Cohen, 6 Pa. D. & C. 3d 183 (Phila. Cnty. 1978), for the proposition that, despite the contrary
language of the Pennsylvania Business Corporation law, 15 Pa. Cons. Stat. Ann. § 1721, “it is an
accepted principle that where there has been no direct prohibition, the president of a corporation
has presumptive authority, in the discharge of his duties, to defend and prosecute suits in the
name of the corporation.” Id. at 187-88 (citations omitted). This does not appear to be a
generally accepted legal principle in Pennsylvania. See McGuire Performance Solutions, Inc. v.
Massengill, 904 A.2d 971, 974, 978 (Pa. Super. Ct. 2006) (rejecting trial court’s determination,
based on Harcourt, “that the president of a corporation could . . . act on behalf of a corporation
by instituting suit . . . without the need for approval from the board of directors,” but affirming
the judgment because “‘[a] corporation may ratify unauthorized acts which are within the scope
of its corporate powers’” and the board of directors of the plaintiff corporation had, “by virtue of
their three and one-third year pursuit of this lawsuit, certainly ratified the corporate action by
passive acquiescence” (quoting Collins v. Parkton Compound Boiler Co., 171 A.2d 576, 579 (Pa.
Super. Ct. 1961), and citing Pannebaker v. Tuscarora Valley R. Co., 67 A. 923, 924 (Pa. 1907))).
The Motion to Intervene was brought by Defendants together with Golden Age and was
filed by Defendants’ attorney. Thus, an argument could be made that the Motion to Intervene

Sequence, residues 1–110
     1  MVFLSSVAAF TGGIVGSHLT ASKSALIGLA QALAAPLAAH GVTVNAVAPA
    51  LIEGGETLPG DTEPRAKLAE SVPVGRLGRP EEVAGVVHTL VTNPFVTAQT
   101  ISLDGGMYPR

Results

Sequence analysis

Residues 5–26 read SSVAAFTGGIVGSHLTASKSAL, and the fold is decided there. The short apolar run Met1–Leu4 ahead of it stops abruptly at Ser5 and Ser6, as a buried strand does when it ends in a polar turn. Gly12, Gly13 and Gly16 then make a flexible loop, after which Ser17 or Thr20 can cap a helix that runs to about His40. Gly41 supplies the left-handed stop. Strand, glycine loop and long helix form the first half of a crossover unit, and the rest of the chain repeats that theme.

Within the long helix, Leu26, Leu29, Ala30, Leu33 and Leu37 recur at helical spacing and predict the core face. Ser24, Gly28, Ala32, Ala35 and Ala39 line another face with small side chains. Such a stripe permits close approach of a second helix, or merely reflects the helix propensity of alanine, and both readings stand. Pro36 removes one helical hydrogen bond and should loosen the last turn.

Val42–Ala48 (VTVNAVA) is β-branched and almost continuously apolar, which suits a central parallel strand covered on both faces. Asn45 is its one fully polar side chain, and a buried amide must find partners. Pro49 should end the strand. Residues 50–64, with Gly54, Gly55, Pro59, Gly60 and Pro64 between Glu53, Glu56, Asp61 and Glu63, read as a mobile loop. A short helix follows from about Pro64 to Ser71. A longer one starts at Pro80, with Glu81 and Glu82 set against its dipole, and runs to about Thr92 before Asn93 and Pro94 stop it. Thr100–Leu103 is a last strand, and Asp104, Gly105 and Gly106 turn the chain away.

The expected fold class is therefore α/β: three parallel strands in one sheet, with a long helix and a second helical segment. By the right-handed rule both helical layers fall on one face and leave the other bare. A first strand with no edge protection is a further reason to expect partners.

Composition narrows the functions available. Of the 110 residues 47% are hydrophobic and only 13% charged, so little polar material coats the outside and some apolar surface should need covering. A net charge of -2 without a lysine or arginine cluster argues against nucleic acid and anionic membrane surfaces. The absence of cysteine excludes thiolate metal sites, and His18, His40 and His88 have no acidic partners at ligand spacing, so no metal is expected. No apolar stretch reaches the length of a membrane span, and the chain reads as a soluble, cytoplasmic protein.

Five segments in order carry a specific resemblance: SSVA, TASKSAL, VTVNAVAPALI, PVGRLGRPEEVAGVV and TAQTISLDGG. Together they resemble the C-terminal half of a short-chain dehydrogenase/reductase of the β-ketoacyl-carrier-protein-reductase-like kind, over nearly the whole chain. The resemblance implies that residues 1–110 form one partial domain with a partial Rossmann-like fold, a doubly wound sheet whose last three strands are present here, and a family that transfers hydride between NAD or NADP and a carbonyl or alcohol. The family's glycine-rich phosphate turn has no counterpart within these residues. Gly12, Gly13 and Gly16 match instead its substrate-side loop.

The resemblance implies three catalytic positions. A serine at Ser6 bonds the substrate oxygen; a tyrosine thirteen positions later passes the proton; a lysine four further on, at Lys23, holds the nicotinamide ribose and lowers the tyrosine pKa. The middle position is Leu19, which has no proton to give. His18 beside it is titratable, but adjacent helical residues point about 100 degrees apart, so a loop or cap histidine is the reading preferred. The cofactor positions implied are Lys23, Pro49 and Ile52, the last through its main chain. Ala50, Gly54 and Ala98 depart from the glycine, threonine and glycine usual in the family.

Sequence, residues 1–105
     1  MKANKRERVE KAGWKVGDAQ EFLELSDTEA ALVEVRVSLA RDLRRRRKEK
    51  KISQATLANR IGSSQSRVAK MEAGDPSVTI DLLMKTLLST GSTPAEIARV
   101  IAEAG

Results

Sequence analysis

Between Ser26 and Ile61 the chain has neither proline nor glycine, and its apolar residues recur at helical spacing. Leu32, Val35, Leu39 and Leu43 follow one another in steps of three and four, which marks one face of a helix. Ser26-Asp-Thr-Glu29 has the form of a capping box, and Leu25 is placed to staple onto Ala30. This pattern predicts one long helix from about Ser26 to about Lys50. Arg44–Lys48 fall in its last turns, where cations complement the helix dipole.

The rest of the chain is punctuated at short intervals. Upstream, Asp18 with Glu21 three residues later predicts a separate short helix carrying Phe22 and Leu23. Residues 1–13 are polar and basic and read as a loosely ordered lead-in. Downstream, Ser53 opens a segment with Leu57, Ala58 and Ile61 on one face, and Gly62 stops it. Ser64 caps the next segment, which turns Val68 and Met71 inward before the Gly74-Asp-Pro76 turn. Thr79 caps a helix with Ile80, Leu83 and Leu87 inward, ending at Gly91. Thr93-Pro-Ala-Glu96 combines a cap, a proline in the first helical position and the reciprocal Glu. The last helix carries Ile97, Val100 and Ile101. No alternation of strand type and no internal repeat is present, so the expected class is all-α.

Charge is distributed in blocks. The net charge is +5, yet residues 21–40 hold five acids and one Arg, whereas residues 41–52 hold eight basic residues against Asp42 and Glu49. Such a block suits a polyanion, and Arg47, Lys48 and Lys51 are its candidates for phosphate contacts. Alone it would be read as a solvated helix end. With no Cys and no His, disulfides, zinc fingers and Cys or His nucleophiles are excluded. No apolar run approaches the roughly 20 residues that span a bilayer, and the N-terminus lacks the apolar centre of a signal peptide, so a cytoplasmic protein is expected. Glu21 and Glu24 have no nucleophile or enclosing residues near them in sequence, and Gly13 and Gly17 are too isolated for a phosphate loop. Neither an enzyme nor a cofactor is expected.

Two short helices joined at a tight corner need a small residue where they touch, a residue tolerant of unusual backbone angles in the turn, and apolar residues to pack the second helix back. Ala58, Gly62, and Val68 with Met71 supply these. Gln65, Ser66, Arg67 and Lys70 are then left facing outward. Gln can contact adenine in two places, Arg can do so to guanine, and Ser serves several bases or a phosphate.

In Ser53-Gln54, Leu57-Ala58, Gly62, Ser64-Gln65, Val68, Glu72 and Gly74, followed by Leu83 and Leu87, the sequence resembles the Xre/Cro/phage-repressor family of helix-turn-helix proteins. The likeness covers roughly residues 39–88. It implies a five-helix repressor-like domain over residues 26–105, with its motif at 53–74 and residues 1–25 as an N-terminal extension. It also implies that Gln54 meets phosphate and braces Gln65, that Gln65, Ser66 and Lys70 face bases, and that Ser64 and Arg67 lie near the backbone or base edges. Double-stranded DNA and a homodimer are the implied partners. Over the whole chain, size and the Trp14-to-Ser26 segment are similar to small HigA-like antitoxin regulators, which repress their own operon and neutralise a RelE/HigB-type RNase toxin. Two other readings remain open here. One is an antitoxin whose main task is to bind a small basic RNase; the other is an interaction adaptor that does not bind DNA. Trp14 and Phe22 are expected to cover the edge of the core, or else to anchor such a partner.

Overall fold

was brought by Defendants as shareholders of Golden Age on the corporation’s behalf.
However, Pennsylvania law provides that “[d]ecisions regarding litigation by or on behalf of a
corporation . . . are business decisions as much as any other financial decisions. As such, they are
within the province of the board of directors.” Cuker v. Mikalauskas, 692 A.2d 1042, 1048 (Pa.
1997) (citing 15 Pa. Cons. Stat. Ann. § 1721). Consequently, “[u]nder Pennsylvania law, a
shareholder cannot ordinarily bring an action on behalf of the corporation without first making
demand on the board of directors to pursue the action.” Warden v. McLelland, 288 F.3d 105,
110-11 (3d Cir. 2002) (footnote omitted) (citing Cuker, 692 A.2d 149-50). There is no evidence
that Defendants made a demand on Golden Age’s board of directors prior to filing the Motion to
Intervene. Therefore, Defendants, who are shareholders of Golden Age, could not move on
behalf of Golden Age for Golden Age’s intervention in this lawsuit. Based on the record before
us, we conclude that Golden Age was not authorized to bring the instant Motion to Intervene and
that Defendants were not authorized to file the Motion on behalf of Golden Age. The Motion to
Intervene is, accordingly, dismissed.
THE REQUEST TO JOIN GOLDEN AGE AS A DEFENDANT
Defendants have alternatively requested that Golden Age be joined as a Defendant in this
action pursuant to Federal Rule of Civil Procedure 19 or 20. Federal Rule of Civil Procedure 19
requires joinder of a party under the following circumstances:
A person who is subject to service of process and whose joinder will not deprive
the court of subject-matter jurisdiction must be joined as a party if:
(A) in that person’s absence, the court cannot accord complete relief among
existing parties; or
(B) that person claims an interest relating to the subject of the action and is so
situated that disposing of the action in the person’s absence may:
(i) as a practical matter impair or impede the person’s ability to protect the